David Trimble was a key architect of the Good Friday Agreement that brought peace to Northern Ireland almost a quarter of a century ago, an effort that made him a Nobel Peace Prize winner.
Tributes from across the world have poured in following his death at the age of 77 on Monday, July 25 following a short illness.
President Bill Clinton said he and his wife Hillary were “deeply saddened” by Trimble’s death, saying his “lifetime of service helped bring peace to Northern Ireland.”
Clinton said in a statement, “His faith in the democratic process allowed him to stand up to strong opposition in his own community, persuade them of the merits of compromise, and share power with his former adversaries.
"His legacy will endure in all who are living better lives because of him today.”
“Hillary and I are deeply saddened by the passing of Lord David Trimble, a leader of courage, vision, and principle whose lifetime of service helped bring peace to Northern Ireland. His legacy will endure in all who are living better lives because of him today.”-Pres @BillClinton pic.twitter.com/cMZojayg1B— Clinton Center (@ClintonCenter) July 26, 2022
Two other leaders who were also architects of the agreement that brought peace to Northern Ireland, former Taoiseach Bertie Ahern and former British Prime Minister Tony Blair, were among many who joined the tributes.
Ahern said Trimble was courageous and that although they had “many a row, many arguments,” they were able to laugh about that in later years.
Ahern told the BBC, “We got on very well. Of course, we fought, of course, we had differences and some of them were fiery. There’s no use saying they were not. But we always kept negotiating and dealing with the issues in front of us.”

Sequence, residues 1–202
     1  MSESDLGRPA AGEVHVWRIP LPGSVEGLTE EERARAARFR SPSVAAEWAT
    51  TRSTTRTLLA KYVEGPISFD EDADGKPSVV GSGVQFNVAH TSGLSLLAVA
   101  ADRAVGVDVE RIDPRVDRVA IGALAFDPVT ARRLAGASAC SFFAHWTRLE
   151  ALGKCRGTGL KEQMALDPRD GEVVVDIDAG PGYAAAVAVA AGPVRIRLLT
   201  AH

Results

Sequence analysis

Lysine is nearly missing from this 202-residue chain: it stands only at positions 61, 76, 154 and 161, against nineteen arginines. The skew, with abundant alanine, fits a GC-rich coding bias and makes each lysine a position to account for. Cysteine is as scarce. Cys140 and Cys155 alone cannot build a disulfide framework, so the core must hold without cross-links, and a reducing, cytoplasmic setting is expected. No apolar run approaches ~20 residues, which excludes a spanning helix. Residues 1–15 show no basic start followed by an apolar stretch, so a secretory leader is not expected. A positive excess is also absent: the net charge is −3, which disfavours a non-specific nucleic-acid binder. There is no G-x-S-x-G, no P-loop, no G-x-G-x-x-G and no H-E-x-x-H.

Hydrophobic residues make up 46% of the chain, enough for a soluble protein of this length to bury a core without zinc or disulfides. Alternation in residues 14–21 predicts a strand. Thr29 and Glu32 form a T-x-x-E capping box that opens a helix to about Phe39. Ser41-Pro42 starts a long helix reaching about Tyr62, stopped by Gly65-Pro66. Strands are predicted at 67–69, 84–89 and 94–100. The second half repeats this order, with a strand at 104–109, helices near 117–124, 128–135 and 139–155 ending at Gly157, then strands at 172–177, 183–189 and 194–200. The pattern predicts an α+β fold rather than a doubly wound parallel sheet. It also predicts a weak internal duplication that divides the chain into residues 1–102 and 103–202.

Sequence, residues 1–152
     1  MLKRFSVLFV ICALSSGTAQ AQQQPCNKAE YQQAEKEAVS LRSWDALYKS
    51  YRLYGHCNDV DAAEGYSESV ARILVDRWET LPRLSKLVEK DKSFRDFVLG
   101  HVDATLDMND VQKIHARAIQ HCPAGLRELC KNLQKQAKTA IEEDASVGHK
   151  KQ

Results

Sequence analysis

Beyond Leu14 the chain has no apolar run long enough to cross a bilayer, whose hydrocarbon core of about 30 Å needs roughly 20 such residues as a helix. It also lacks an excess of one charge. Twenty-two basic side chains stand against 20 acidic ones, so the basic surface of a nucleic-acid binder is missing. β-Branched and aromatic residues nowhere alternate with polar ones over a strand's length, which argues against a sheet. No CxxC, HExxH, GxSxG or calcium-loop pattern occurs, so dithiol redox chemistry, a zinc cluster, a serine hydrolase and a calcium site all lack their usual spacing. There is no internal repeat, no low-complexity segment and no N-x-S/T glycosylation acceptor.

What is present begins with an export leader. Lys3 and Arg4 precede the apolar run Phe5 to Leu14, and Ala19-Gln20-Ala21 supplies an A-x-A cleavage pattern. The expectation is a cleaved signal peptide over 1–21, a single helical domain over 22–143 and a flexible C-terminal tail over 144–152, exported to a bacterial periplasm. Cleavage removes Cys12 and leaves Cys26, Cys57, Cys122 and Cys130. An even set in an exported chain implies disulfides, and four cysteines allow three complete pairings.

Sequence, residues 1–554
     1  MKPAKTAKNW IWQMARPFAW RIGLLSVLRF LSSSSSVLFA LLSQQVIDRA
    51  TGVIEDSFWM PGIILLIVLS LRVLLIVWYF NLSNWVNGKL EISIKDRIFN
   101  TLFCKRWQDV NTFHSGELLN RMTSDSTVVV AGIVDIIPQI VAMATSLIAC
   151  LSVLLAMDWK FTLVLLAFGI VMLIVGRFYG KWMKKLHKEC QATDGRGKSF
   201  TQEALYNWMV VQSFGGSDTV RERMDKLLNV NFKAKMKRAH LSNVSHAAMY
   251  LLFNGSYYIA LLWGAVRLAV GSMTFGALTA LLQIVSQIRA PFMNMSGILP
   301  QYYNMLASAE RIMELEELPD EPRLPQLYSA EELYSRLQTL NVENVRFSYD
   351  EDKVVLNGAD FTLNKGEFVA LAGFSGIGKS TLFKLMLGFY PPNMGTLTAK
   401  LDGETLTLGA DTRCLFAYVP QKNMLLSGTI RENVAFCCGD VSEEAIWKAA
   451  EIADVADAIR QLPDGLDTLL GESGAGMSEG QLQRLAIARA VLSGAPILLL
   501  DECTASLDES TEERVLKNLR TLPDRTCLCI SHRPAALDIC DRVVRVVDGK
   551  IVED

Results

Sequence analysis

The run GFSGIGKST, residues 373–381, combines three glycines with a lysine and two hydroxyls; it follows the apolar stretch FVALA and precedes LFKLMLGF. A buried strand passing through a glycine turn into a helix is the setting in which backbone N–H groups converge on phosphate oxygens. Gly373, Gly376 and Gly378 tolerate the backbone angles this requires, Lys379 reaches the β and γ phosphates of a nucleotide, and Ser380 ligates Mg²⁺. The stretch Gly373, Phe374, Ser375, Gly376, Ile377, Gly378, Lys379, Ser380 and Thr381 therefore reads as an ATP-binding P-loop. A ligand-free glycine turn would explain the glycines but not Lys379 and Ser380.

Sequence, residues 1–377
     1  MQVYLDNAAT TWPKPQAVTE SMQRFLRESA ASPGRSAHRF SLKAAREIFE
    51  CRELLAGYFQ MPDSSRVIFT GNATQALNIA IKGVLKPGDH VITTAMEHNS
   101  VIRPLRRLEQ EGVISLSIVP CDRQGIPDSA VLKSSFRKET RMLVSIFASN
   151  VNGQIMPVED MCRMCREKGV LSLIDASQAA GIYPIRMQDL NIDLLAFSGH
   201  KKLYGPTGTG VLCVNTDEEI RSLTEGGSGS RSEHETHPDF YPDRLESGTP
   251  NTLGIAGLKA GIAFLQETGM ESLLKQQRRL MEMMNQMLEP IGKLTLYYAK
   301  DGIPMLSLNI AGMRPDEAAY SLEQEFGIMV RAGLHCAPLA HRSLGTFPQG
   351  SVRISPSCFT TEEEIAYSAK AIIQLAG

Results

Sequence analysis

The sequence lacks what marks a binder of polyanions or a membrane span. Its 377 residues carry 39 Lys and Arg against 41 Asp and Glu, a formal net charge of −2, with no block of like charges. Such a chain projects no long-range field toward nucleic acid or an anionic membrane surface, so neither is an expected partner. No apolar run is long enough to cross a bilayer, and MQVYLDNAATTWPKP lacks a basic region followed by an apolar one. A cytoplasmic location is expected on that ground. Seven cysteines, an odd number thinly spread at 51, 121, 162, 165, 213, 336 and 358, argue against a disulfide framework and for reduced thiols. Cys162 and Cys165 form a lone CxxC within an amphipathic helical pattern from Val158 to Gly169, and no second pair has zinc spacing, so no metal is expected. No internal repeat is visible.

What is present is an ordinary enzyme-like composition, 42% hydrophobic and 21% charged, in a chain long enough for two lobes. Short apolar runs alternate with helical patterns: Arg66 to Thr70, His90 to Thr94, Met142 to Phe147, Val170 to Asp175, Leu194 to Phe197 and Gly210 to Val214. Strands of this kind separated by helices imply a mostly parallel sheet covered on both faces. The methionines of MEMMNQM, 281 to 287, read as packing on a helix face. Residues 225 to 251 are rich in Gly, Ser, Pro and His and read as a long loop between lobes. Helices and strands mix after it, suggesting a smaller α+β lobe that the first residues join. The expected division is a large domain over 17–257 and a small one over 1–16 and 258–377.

Blair said Trimble's contribution to the peace process was “immense.”
“It was a masterclass in leadership. He saw the chance of being able to settle the issue on terms that were acceptable to unionism. He was never in any doubt that he was going to be accused of betrayal. He paid the political price for that,” Blair said.
Trimble’s reward for the peace deal was the loss of his Westminster seat in 2005, and his Ulster Unionist Party’s support collapsed, prompting him to resign as party leader.
Trimble, who became a baron when he was given a seat in the House of Lords in 2006 – although he was seldom called Lord Trimble – won the Nobel Peace Prize in 1998, together with the late leader of the nationalist SDLP John Hume.
He called the Good Friday Agreement, which marks its 25th anniversary next April, “the greatest thing in my life.” The accord ended three decades of conflict in Northern Ireland by the IRA fighting to oust British rule and loyalist gunmen battling to keep the region part of the U.K.
Gerry Adams, then leader of Sinn Féin, the IRA’s political wing, said Trimble’s contribution to the peace agreement “cannot be underestimated.”
Statement on the death of David Trimble pic.twitter.com/B6VqZhf7eA— Gerry Adams (@GerryAdamsSF) July 26, 2022
Trimble started out in politics as a hardliner with the small loyalist Vanguard party in the 1970s but his career took off after he was elected to Westminster for the Ulster Unionist Party in 1990. He gained prominence leading the controversial Drumcree parade by the loyalist Orange Order in 1995. After clashes in previous years, the parade went ahead after a tense stand-off, and Trimble joined hands in the air with the then Democratic Unionist Party leader Ian Paisley in what some saw as a triumphant gesture.
In contrast, three years later he joined Deputy First Minister Seamus Mallon of the SDLP on a walk through the village of Poyntzpass when both visited the families of two friends, one a Catholic, the other a Protestant, who were murdered by loyalist paramilitaries.
Trimble had roots in the Irish Republic. His paternal grandfather, George David Trimble, was born in 1874 in Co Longford and joined the Royal Irish Constabulary in 1895 serving in Sligo, Armagh, Belfast, and Tyrone, eventually settling in Belfast and attaining the rank of head constable.
Trimble had a number of Catholic friends in Bangor, Co Down, where he was born, including the future RTÉ presenter, the late Derek Davis.
His primary love was music. He was an opera lover and also an Elvis Presley devotee, an interest he shared with Ahern.
Trimble’s funeral will take place next Monday, August 1, following a service at Harmony Hill Presbyterian Church in Lisburn.
*This column first appeared in the July 27 edition of the weekly Irish Voice newspaper, sister publication to IrishCentral.